We have updated our Privacy Policy. By using this website, you consent to our Terms and Conditions.


First things first – relapses happen. Someone who has gone through eating disorder treatment (or even someone who’s about to go in for the first time) may think of a relapse as a failure of some kind, and that’s natural. After an enormous effort to grow in personal, behavioral, and emotional ways, a person might feel that returning to old behaviors is a setback.

However, as they say in eating disorder treatment circles, “Recovery is not a straight line.”

Most professionals in the treatment community recognize this and consider relapses as normal parts of the recovery process. They stress to their clients, both those in treatment and those in aftercare, the importance of recognizing the signs of a potential lapse in the recovery program and reaching out for help.

Even if they don’t, and fall back into disordered eating behaviors, people who relapse shouldn’t feel guilty or as though they’ve failed in their recovery; it’s an opportunity to learn more about the underlying causes of their disorder. Relapses can also prove an opportunity to learn new coping mechanisms that will eventually strengthen the foundation for a long-lasting, recovered life.

In this article, we’ll review the risk factors for relapse and the telltale signs and symptoms that a relapse is on its way. It’s not just for people with the eating disorders themselves – family and close friends play a vital role in recovery as well. Read on to learn more about eating disorders and relapses.

Why Do Relapses Happen?

It’s an imperfect analogy, but eating disorders are in many ways similar to addictions. The disordered eating behaviors provide emotional relief and a sense of control over negative emotions. Many disordered eating behaviors even cause the release of dopamine and serotonin into the brain, just like intoxicants or exercise. And just like addictions, continued disordered eating behaviors cause alterations to the way the brain works – necessitating cognitive retraining techniques like Cognitive Behavioral Therapy (CBT) to counteract.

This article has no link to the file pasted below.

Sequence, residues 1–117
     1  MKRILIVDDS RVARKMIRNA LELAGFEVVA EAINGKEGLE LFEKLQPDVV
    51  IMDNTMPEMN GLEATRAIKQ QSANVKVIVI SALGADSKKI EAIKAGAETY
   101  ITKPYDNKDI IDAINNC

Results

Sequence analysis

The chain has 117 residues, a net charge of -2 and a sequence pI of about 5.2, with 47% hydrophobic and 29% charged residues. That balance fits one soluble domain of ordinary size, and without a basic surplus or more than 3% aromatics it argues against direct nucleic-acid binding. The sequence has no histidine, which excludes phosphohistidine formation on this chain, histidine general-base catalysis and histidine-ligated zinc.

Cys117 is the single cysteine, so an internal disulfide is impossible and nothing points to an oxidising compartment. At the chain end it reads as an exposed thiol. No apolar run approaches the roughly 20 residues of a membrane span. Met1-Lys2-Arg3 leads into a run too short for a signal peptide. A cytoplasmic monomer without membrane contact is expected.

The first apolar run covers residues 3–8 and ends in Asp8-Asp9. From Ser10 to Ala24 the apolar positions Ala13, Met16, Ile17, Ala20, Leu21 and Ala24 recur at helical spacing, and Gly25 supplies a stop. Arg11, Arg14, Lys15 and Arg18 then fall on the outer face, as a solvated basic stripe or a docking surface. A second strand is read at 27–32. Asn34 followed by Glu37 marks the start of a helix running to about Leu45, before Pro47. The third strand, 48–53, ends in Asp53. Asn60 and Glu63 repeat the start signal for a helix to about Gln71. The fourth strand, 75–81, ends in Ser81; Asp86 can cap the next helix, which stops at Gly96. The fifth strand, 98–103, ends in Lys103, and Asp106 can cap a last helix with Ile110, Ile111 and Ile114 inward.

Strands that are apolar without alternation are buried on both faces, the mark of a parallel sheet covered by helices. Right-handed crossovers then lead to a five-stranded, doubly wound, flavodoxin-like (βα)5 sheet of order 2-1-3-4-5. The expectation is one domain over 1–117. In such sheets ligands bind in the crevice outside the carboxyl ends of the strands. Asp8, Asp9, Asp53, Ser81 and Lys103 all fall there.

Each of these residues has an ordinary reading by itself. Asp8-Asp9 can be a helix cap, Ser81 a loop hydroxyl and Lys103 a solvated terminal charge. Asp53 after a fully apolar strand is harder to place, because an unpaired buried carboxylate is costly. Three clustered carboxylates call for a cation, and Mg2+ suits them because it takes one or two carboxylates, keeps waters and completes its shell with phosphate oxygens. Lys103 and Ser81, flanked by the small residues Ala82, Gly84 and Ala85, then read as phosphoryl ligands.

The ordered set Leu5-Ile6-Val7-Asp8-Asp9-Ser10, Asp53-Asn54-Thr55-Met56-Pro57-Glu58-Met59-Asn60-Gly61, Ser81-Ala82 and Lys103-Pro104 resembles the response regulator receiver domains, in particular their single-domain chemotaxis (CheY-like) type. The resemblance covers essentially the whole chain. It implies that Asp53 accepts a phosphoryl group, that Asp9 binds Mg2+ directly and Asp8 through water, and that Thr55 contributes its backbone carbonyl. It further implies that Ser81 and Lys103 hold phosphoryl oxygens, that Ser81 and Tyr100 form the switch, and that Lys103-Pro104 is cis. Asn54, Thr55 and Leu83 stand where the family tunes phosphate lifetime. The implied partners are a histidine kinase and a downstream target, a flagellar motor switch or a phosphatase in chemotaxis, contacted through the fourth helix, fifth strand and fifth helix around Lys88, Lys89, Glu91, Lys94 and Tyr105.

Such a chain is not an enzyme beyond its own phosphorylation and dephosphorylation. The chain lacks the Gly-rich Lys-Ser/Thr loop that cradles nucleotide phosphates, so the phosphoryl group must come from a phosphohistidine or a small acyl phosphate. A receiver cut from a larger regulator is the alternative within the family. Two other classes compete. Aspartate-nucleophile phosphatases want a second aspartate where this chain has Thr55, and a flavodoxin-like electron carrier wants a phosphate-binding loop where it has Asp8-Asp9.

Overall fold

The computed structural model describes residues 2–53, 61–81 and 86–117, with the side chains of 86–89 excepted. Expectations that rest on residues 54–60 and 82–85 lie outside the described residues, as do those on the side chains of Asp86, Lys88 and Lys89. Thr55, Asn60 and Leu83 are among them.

Aside from the cognitive/psychiatric cases of relapses, certain emotional and stress-related factors can make a relapse more likely. One of the major known causes of eating disorders like anorexia nervosa, bulimia nervosa, binge eating disorder, and others is the presence of past trauma and PTSD. Psychiatrists and other eating disorder treatment professionals have heard countless personal tales about post-traumatic stress playing an integral part in starting to use disordered eating behaviors to cope. It’s no different after a person has gone through treatment. A resurgence of the negative emotions caused by PTSD can easily re-spark disordered eating behaviors even if they have been eliminated during treatment. For this reason, many treatment centers employ Cognitive Processing Therapy (CPT), a step-by-step dialectic therapy that was designed specifically to treat trauma.

These underlying causes of relapse are certainly very common, but usually, when a relapse occurs, there is a specific trigger that prompts the resumption of disordered behaviors. This is most often stress of some sort. This stress doesn’t always have to be negative; many major life changes can cause stress, and many are happy occurrences. Positive or negative, stress is the most prominent trigger for relapse; a study done in 2011 showed that a group of people with bulimia nervosa who suffered significant life events relapsed at a much higher rate than those who had not.Some examples of major life events that can cause stress include: